How to Create a Great Manufacturing Website in 2020
Updated (originally posted on )
As a manufacturing company, you need a website that clearly exhibits your innovation and technological expertise to inspire prospects to contact to your sales team. Whether you’re designing a new website or making user-focused updates to your existing site, these tips will help you turn your manufacturing website into a powerful marketing tool.
Convey a Strong Manufacturing Brand Image
Having a strong, updated website can solidify your brand impression and quickly communicate the health and quality of your company. That is true in any field, but especially so in technical industries, when an outdated, poorly functioning website can reflect negatively on the technical expertise of your company.
Your website is often the initial point of contact with a customer, so it needs to make a good first impression in three main areas: looks, content, and function.
In terms of appearance, a simple, streamlined, aesthetically pleasing website design makes your business look more professional than a site that is cluttered and difficult to navigate.
For content, make sure your site clearly explains what your company does, including experience, skills, and technological proficiency.
In terms of function, it's crucial that the site work seamlessly, not only to give your site visitors a good user experience, but to instill confidence in your ability to build things that work as they're supposed to.
5 things your manufacturing website needs for a strong brand:
- A clean and professional logo
- A modern layout that is visually appealing and on-brand
- Large, captivating imagery
- Value-based messaging regarding your services
- Logos for awards, certificates, partners, or associations
Make it Easy for Site Visitors to Find What They're Looking For
Your website visitors should be able to browse your capabilities or search for a product easily. For capability and service-based manufacturers, this means easily-found service pages that are well-written and organized logically by application, industry, or material.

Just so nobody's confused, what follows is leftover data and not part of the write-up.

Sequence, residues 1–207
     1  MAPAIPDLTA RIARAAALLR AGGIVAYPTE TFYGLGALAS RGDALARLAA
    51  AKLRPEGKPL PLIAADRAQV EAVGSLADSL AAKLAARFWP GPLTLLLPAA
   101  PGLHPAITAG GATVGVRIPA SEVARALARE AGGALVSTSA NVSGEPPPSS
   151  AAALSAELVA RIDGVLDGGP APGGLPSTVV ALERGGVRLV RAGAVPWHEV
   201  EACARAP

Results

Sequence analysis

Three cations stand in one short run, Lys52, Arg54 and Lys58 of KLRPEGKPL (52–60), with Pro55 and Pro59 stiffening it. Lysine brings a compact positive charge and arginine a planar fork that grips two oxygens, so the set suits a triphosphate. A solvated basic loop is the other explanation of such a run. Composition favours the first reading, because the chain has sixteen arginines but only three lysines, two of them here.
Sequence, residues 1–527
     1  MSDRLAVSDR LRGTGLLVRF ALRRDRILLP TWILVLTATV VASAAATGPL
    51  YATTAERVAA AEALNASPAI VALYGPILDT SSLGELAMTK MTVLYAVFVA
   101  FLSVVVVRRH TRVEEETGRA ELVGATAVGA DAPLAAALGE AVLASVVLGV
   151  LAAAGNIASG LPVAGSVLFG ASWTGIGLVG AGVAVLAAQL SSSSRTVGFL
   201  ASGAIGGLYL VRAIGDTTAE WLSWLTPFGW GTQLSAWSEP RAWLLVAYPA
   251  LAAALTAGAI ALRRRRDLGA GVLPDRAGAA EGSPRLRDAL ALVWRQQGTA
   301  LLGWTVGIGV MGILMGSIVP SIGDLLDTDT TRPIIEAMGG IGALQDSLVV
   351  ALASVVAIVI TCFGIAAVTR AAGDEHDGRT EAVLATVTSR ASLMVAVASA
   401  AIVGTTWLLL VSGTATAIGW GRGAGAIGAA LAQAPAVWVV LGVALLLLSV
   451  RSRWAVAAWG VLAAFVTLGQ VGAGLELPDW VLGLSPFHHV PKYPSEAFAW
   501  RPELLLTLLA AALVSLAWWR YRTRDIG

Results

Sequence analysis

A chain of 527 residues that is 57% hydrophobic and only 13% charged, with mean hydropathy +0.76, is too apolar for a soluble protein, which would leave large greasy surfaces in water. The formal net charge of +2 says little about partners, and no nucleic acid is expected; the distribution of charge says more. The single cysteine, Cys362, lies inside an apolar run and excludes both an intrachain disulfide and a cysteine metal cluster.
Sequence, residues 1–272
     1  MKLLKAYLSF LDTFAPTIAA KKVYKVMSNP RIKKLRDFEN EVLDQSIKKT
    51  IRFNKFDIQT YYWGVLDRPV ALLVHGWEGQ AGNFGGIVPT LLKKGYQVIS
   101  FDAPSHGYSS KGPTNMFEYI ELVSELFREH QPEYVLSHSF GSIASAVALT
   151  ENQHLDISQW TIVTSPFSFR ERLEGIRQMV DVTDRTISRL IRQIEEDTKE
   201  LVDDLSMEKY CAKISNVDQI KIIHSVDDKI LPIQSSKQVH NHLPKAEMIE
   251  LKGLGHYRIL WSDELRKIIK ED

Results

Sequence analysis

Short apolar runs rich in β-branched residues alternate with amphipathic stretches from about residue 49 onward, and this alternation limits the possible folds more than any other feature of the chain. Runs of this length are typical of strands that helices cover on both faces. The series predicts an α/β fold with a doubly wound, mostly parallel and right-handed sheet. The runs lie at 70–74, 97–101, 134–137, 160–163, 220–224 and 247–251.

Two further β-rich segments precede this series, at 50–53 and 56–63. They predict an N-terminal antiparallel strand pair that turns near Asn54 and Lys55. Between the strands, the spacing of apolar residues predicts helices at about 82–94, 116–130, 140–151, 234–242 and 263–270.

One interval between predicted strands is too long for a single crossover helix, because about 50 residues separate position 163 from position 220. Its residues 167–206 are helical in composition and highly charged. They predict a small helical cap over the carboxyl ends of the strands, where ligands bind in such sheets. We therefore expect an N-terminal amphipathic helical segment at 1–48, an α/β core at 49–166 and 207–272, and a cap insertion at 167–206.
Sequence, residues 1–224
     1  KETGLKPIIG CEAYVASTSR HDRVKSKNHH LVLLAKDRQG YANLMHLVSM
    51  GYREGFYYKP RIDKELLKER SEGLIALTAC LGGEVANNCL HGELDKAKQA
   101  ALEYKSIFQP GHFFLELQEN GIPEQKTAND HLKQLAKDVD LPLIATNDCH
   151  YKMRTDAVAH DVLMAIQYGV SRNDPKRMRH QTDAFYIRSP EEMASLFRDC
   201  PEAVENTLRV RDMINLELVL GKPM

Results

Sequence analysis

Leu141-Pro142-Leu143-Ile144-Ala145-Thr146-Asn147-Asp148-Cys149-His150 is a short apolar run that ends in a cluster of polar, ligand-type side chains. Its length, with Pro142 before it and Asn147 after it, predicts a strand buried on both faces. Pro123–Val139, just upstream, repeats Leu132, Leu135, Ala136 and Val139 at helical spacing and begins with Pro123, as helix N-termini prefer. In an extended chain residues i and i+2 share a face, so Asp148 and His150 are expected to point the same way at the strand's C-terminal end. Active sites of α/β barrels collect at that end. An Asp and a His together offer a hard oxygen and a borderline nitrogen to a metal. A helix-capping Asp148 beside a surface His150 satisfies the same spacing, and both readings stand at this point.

Manufacturing capability pages should include:
- Industries served
- Drawing formats accepted
If your company is product-based, make sure your product categories are clearly defined and thoughtfully organized, and offer the ability to quickly drill down to see more specific options.
If you have a large selection of products, be sure they can easily be searched by keyword, part number/SKU, or other key factors.
Speak to Your Target Audience
When a prospect is vetting multiple manufacturing companies, thoughtful and well-written content that is specifically aimed at your target audience will help your website stand out from the competition.
When developing content for your website, always keep your target customer or buyer persona in mind and include information that helps them achieve their goals.
For example, if engineers are your prime audience, what details will help them understand they’ve found what they’re looking for? If purchasing managers are the ones browsing your website, how can you ‘keyword match’ their spec sheet to ensure the sale?
Once you've identified your audience(s), make sure you generate content that speaks to their needs, including key information such as turnaround times, customer rejection rates, processing accuracy, product quality, lead times, shipping, etc.
Include Customer Success Stories
One of the best ways to show potential customers how they can benefit from your products is by showing how existing or past customers have used your manufacturing services to their advantage.
4 ways to showcase your past work on your manufacturing website:
- Case studies showing how you solved a particular challenge for a customer
- Customer testimonials, in either written or video form
- Photos or videos of your products in action
- Reviews from customers, both on your own site and on third-party platforms
Having this type of content on your site will provide valuable confirmation of the quality of your work.
Make it Easy to Contact You
Once a prospect has read through your material, the next step is to contact your sales team. Make this process simple by having strategic calls-to-action on each page. Use action words like “Request a Quote” “Submit a Request” or “Order Replacement Part” to fully communicate what the user will experience next.
Optimize your Contact/RFQ forms for usability:
- Include a place for attaching PDFs for purchase orders or blueprints.
- If there is standard information you need to generate a quote, ask for it in the form, but don’t make it required in case they don’t know.
- Remember that in general, shorter forms are more likely to be filled out.
- Include a thank you page (for marketing tracking) and a thank you email.
Don’t forget that some people prefer to talk things through with a real human. Make sure your header and footer have a contact phone number, especially on mobile devices.
Here at Web Solutions, one of our specialties is developing websites and creating marketing plans for clients in the manufacturing (or distribution) industry. If it's time to redesign your manufacturing website, contact us to talk with our strategic team.